8.14.2008

Music: The Bottle Rockets, a Late Introduction

by Rick Rockwell

It helps to have friends who know music.* Just like in the world of dating, friends will set you up with a match. But instead of how it goes in the dating world, the set-up is for a band that will make you smile and keep you smiling.

Such it is with this critic’s roundabout introduction to The Bottle Rockets.


These guys are a natural fit. They are from the exurbs of St. Louis, Missouri (Festus, of all places). They have an album called Zoysia. (Anyone who has mowed a lawn in the St. Louis area as this critic once did many times many moons ago knows what zoysia is, but few out east seem to discuss it or talk about it like in the Midwest.) Zoysia, their last album, from 2006, even made Stephen King’s best music list that year and he calls them America’s best bar band. (Best-selling author King, an easterner, confessed he did not know what zoysia was though. Where are his researchers?) The Bottle Rockets play gritty alt-country and roots rock. (At times, The Bottle Rockets sound like a 21st Century version of that famous Floridian band from the ‘70s, The Outlaws.) The Bottle Rockets cut a record of Doug Sahm covers in 2002, which seems appropriate for that musical niche, and a perfect fit with this critic.

This year, perhaps as a gift to themselves, The Bottle Rockets are only performing live 15 times, to mark their 15th anniversary as a band. But you can catch a recording of one of those performances, a 27-minute selection from a hometown appearance in St. Louis on the FrontRowMusic.tv site. That performance was taped at BB’s Jazz Blues and Soups Cafe.

One of the reasons The Bottle Rockets have limited their touring in 2008 is they are in the studio (in Brooklyn, New York, supposedly) cutting a new album, pegged for release sometime next year. So in the meantime, one must make do with what is already available on video and online.

As a fairly stoic, no frills outfit, at times, like any bar band, The Bottle Rockets do fade into the background. Some of their material doesn’t rise above the well-trod middle ground (“I Wanna Come Home” from The Brooklyn Side and “Feeling Down” from Zoysia). But then the band will regain attention with a real zinger.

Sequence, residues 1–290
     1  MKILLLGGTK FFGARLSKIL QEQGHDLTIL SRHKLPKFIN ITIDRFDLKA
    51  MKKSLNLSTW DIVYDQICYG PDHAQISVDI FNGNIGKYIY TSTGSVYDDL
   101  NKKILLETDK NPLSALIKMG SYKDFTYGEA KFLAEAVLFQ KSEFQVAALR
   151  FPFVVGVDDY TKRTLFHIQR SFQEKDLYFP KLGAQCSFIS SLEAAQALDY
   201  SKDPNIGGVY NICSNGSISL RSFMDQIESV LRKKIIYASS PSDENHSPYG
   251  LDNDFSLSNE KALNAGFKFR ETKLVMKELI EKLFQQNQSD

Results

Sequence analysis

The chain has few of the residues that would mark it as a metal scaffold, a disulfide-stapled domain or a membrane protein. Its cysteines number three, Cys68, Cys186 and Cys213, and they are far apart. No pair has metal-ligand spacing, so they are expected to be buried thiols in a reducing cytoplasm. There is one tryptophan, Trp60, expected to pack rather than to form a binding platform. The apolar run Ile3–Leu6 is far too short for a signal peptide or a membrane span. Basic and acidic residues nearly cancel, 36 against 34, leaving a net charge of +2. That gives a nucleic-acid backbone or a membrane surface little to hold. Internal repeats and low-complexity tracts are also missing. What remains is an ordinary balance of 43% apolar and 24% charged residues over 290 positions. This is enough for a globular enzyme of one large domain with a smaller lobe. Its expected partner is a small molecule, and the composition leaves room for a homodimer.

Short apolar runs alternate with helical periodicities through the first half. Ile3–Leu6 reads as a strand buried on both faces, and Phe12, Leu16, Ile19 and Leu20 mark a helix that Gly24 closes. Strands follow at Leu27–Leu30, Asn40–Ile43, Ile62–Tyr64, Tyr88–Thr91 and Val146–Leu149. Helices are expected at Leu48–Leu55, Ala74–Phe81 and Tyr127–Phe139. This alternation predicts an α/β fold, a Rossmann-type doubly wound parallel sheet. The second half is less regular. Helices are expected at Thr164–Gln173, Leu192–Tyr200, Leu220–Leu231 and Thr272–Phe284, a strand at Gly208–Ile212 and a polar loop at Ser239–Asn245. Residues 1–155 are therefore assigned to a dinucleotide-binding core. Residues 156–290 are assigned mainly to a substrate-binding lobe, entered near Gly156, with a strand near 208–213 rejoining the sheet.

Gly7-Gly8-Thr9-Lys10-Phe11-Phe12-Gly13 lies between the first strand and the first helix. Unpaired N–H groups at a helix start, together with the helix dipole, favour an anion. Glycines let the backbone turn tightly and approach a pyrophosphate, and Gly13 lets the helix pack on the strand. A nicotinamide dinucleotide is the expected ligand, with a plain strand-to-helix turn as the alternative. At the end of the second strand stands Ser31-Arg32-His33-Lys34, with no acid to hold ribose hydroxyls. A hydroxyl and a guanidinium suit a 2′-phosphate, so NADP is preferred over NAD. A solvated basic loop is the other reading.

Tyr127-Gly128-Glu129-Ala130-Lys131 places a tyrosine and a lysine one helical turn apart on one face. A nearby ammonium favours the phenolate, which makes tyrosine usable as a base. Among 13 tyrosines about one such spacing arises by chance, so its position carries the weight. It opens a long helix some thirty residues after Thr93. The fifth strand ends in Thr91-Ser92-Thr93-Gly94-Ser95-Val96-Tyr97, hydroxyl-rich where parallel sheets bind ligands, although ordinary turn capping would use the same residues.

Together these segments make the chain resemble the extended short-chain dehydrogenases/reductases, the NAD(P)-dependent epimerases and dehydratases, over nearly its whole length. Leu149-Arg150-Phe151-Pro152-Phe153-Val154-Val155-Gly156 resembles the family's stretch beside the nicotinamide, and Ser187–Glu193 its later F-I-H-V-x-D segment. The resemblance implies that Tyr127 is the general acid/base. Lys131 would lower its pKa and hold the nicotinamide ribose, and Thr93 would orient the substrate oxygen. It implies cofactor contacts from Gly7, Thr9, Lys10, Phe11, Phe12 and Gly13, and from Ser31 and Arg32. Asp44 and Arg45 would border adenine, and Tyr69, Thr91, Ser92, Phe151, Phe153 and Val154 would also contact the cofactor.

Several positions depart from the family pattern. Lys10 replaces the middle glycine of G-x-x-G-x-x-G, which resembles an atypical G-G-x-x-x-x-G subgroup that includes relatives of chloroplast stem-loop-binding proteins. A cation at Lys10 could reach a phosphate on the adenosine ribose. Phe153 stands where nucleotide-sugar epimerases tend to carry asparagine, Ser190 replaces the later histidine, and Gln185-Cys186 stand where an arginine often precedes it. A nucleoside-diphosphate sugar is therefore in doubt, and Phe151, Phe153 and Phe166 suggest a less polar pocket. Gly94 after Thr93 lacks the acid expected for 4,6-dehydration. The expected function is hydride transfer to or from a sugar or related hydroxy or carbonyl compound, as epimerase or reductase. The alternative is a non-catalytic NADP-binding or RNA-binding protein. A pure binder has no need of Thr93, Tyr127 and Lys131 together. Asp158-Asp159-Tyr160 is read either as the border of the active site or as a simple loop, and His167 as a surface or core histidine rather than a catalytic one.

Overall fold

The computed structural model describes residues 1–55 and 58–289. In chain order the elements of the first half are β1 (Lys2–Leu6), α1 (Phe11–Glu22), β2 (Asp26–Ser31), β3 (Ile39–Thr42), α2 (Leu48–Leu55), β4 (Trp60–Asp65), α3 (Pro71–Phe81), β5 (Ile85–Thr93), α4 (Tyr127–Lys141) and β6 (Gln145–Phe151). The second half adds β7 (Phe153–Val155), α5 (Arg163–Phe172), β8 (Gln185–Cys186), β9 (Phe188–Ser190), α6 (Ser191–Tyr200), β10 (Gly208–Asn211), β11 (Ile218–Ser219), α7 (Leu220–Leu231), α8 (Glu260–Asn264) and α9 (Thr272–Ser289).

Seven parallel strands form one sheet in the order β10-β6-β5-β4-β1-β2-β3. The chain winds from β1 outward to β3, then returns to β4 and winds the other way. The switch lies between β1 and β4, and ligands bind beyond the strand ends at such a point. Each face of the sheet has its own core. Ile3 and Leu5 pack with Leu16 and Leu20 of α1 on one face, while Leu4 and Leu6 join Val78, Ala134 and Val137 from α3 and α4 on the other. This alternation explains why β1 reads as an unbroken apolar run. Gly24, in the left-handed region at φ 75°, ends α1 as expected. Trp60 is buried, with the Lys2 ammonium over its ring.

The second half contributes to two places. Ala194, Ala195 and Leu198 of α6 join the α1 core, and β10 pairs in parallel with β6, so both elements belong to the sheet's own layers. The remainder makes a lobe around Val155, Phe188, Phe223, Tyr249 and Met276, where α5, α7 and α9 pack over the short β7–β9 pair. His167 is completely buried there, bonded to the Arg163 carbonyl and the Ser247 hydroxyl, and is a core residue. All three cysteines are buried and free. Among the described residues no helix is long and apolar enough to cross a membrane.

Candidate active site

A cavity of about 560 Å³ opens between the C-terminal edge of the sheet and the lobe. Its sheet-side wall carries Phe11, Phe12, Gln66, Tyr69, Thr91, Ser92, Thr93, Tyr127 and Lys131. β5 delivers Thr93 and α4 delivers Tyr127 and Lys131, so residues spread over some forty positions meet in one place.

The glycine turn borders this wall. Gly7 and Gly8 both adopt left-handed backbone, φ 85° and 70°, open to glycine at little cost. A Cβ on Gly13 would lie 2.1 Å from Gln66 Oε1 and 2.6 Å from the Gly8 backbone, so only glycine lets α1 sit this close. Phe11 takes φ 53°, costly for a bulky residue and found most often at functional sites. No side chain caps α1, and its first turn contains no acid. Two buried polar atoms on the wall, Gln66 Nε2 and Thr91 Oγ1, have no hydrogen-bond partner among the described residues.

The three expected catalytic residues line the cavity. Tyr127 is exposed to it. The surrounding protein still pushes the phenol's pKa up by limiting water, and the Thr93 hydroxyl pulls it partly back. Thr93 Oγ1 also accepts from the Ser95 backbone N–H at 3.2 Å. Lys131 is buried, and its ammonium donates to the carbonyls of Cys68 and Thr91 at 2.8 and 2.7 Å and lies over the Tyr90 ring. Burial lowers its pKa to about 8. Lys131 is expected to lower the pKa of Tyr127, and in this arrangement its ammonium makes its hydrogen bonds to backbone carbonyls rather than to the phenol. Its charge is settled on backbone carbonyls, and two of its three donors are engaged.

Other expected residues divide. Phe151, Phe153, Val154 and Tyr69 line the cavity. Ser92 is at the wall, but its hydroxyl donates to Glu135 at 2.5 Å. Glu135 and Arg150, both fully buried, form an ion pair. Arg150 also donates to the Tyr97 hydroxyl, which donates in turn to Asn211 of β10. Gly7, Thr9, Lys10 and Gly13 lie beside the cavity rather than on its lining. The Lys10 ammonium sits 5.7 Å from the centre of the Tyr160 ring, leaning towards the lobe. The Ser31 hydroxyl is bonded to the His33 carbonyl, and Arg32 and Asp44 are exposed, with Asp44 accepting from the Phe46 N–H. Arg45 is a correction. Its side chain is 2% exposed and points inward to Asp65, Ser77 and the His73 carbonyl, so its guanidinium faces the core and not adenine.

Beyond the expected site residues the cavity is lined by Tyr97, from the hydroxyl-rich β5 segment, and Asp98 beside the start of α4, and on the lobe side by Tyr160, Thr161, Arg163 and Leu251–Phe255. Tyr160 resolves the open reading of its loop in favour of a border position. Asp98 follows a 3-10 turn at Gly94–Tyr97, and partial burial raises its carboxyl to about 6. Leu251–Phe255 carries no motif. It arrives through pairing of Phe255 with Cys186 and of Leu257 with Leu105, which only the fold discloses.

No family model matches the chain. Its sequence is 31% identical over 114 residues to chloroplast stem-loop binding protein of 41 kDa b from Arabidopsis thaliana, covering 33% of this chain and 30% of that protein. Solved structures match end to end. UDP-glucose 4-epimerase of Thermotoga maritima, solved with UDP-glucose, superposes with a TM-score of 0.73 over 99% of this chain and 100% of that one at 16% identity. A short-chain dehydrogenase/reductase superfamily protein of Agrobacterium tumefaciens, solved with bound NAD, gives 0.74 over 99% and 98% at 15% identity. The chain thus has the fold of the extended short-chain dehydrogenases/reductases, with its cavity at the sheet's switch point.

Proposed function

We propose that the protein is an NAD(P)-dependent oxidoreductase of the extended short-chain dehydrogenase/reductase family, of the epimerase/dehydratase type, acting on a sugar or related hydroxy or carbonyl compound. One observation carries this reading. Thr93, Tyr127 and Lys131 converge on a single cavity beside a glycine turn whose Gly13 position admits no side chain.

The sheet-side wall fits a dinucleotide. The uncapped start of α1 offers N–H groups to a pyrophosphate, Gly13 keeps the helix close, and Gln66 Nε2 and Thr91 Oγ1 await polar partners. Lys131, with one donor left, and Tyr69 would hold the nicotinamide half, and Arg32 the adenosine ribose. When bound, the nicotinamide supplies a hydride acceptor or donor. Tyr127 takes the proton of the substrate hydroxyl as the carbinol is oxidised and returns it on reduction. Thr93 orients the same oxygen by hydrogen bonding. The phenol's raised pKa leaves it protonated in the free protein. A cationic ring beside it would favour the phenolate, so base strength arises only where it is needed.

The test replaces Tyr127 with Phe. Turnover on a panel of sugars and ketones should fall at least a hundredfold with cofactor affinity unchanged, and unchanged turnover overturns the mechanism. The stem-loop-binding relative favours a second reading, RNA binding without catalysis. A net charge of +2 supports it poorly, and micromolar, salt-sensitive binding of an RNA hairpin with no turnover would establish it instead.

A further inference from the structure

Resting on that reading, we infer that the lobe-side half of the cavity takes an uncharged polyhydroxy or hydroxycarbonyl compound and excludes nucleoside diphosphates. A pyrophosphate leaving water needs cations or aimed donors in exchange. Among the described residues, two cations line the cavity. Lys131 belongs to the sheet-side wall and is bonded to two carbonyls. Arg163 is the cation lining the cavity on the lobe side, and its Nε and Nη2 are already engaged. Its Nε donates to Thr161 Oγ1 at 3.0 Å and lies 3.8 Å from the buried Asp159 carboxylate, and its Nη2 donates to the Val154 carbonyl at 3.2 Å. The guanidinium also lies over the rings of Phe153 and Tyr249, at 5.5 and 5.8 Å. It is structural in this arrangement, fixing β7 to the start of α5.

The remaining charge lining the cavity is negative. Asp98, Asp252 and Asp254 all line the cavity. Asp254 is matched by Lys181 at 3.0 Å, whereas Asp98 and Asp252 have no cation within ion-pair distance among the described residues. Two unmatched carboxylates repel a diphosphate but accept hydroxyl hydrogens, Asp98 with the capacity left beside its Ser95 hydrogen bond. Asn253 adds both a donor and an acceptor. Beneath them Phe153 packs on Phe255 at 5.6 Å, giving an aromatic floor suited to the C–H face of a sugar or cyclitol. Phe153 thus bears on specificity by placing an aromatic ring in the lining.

“Happy Anniversary” is the best number from the Live at BB’s session. Band leader Brian Henneman first grabs for a lyrical gambit: “I’m here at your party / Trying not to hurt / In my melancholy trousers / And that masochistic shirt." Then lead guitarist John Horton takes the throttle and the song blasts off. Other critics have compared Horton’s soloing to Crazy Horse’s Frank “Pancho” Sampedro (think Zuma-era Neil Young and Crazy Horse) and that influence shines through clearly on “Happy Anniversary.”

Horton also punches the pedal on the fun-loving “I’ll Be Coming Around” (from their 1995 release Brooklyn Side), which has a finely crafted hook. “Kit Kat Clock” (from 1997’s 24 Hours a Day) is another unexpected treat, with another well-set hook. “Indianapolis” is probably the band’s most popular tune, telling the somewhat comical story of a trucker stranded in Indiana. (Lyric sample: “I’ll puke if that jukebox plays John Cougar one more time.”)

But beyond the pickin’ and grinnin’, The Bottle Rockets also display some serious songcraft. “Get Down River” (from 1998’s Leftovers) has the feel of something penned by Robbie Robertson, aided as it is by the disciplined snare work of drummer Mark Ortmann (a la Levon Helm from The Band).

Besides these numbers, listeners can also find grittier versions of material from The Bottle Rockets at the band’s website, including the funny “Nancy Sinatra” (from 1999’s Brand New Year) and the rollicking “Mountain to Climb.”

So it has taken far too long to find The Bottle Rockets. Members of the band would probably say, “that’s the story of our lives.” Nevertheless, now that they are on the radar, we’ll be searching for that next new release. Maybe next year.

*A tip of the hat to Michael Gallelli, part of the production team for the iVoryTowerz podcast for the introductions. The Bottle Rockets are part of the musical line-up at FrontRowMusic.tv, and Michael is one of the partners behind that organization. By the way, FrontRowMusic.tv is an excellent source for video on blues, alt-country and roots rock artists.

(The photo shows three members of The Bottle Rockets: (l-r) singer-guitarist Brian Henneman and bassist Keith Voegele; drummer Mark Ortmann is obscured in the background. The photo is © copyright FrontRowMusic.tv and is used with permission. The Bottle Rockets will play their next concert on the band's limited international tour on Saturday, Aug. 16 in Champaign, Illinois. To see The Bottle Rockets play a live version of "Indianapolis," please check below.)










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